The sections about The17 are typical of Drummond's writing- prosaic yet sometimes aimless, stream of consciousness thoughts. Drummond insists on writing using pen and paper and often his attitude and opinions at the end of a chapter are very different from how that chapter began. As the 'scores' (written lists of instructions) for The17 become more and more grandiose and unrealisable the choir seems to be more of a struggle than a joy. It's difficult to be captivated by The17 concept- Drummond has to admit it's not totally original and since there will never be any available recordings of the choir, you find yourself wishing Drummond could concentrate on describing the sound a bit more.

As usual though Drummond uses his art as a starting block to talk about himself, especially when The17 is less successful. To quote him out of context, "it's more about [his] own shortcomings than about the failings the target of [his] projections may have." And Bill Drummond is a difficult character and not always likeable- he's very unapologetic about all sorts of damage he has caused.

And yet it's actually in the openly autobiographical sections that this book is at its most interesting. The anecdotes about his involvement in the Liverpool music scene in the late 70s and early 80s should really be a whole book in their own right, full of comic rock & roll stories that out-do Spinal Tap, and the few pages about what it was like working with Pete Waterman in his heyday are absolutely great. Drummond avoids going into any detail about his work with Jimmy Cauty, and suggests that that is also another books' worth of material in it's own right.

In a final slightly arsey twist Drummond gets three students from the Royal College of Art to add annotations to his book. This should be the height of unreadable pretension but in fact the comments are refreshingly honest and help ground the whole text a bit more. The most accurate of these is:

"I think [the17]'s just an interesting idea for a project that has turned into a bigger book because he can use it as a way to wax lyrical on his more general gripes with the music industry."

...which sums it up very well.

PS. Better than "45".
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on 9 October 2010
You are in the pub with a mate and get deep into conversation about your love of popular music. You talk about what has meant most to you, your concerns at the industry and the ability of young musicians to carry on creating great music. Our mate here, Bill Drummond, is on his fourth beer now and is ranting on about his plan to rethink how we make and listen to music. He tells us how he got rid of his music collection to fulfil his plan and how he has traveled around Europe putting his theories into practice with interesting tales of St Petersburg, Middlesborough and Nice. Being a decent, wise sort of bloke, Drummond always checks back on himself and asks us: "Am I talking rubbish?". Whether you think his ideas are rubbish is not always the point, as Drummond is thought provoking and a great raconteur.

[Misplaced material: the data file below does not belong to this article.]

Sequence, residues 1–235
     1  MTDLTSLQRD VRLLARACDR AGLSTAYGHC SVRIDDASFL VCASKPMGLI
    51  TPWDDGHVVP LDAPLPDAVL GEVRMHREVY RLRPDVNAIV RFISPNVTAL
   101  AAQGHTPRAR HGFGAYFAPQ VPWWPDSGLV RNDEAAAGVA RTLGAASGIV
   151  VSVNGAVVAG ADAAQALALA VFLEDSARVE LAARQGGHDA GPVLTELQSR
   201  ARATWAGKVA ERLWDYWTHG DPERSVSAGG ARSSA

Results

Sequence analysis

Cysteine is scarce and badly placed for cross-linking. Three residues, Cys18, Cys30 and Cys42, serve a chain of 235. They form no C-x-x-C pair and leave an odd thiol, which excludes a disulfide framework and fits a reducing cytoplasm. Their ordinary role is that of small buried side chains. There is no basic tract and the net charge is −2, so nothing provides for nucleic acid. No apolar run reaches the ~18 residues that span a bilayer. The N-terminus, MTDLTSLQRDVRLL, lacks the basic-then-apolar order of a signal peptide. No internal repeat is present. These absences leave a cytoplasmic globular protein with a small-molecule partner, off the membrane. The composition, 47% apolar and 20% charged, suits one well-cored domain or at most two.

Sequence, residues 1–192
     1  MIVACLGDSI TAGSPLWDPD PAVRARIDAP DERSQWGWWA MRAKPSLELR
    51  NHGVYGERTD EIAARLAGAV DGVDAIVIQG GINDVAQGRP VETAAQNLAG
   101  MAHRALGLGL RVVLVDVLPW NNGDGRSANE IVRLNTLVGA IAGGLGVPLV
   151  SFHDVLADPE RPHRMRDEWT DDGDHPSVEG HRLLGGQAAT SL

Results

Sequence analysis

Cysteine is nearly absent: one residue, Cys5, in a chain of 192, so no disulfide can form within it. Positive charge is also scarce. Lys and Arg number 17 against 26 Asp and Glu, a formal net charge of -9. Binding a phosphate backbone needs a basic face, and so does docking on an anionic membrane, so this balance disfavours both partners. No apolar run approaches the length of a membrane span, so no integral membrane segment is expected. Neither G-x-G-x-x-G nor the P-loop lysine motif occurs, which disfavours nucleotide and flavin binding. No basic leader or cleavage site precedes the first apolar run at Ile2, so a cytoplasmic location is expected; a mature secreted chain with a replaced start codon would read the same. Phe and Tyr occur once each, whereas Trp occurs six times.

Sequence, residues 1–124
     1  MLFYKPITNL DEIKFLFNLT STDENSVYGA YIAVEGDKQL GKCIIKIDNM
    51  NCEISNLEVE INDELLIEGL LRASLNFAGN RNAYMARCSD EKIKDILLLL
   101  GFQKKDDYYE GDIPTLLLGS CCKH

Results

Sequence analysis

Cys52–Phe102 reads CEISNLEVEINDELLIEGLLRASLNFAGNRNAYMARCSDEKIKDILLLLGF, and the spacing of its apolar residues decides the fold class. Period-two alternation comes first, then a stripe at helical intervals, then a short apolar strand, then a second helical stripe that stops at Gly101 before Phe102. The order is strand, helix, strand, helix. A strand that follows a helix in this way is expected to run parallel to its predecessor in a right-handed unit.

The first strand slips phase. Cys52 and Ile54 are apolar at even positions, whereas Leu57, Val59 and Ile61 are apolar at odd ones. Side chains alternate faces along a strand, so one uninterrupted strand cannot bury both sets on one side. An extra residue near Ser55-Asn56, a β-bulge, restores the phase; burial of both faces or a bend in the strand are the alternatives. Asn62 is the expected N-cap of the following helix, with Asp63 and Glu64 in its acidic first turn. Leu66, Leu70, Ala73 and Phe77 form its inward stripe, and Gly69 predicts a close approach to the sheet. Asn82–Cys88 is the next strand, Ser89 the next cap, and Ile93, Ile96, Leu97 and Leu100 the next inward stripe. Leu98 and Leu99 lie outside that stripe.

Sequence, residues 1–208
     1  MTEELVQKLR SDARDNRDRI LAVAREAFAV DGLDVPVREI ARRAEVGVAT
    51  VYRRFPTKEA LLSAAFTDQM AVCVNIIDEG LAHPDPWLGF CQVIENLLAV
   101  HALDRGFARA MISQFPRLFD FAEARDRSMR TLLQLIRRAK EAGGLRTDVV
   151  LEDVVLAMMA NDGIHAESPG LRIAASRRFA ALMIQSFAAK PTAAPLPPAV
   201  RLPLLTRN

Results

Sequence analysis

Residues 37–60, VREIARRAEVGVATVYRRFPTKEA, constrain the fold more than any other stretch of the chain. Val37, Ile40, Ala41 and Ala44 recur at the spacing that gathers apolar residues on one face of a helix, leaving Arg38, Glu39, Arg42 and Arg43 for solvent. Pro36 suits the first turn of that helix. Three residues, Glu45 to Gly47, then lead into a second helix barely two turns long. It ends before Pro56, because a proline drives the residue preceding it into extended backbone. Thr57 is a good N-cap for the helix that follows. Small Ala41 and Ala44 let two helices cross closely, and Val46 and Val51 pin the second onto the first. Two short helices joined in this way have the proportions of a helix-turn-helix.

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VINE VOICEon 29 March 2009
Art/Music agitator Bill Drummond's rant against the state of modern pop and a suggestion for an alternative future for the genre.

Whilt the books an interesting read, the main issue I had with it that all of Bill's insights, (that black music is more forward looking than it's white counterpart, that the rise of the MP3 has had the effect of people appreciating music less, that punk rock was essentially nostalgic, that the alternatives presented by British postpunk in the early 80s were ignored, etc,) aren't really new ideas at all, and have in fact part of the discourse on popular music for years. For instance, Simon Reynolds book 'Rip It Up And Start Again' dealt with all of these issues in much greater depth and with far more intellectual rigour several years ago. When Mr. Drummond tries to deal with more contemporary music like hip hop he becomes thoroughly unstuck, making daft claims such as that it's impossible for black musicians to be postmodern or ironic: He's obviously never heard of OutKast, for instance.

His 'alternative' - a sort of extemporary wordless choir who produce one off, unrecorded performances from non musical scores, doesn't seem to me to be that original an idea either, carrying as it does the whiff of both 1960s experimental music and 1970s performance art.

In his defence, Drummond does preempt some of these criticisms, - a couple of friends of his write an ongoing critique of the work in sidebars, and he admits as he goes along that his internet research has thrown up many instances of people having similiar ideas to his years ago -but he doesn't change any of his ideas in response to this knowledge.

In short, an entertaining enough rant whcih doesn't really say anything new or that interesting.
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on 3 December 2014
Simply wonderful. Some of it is really thought provoking and I just found it a joy to read.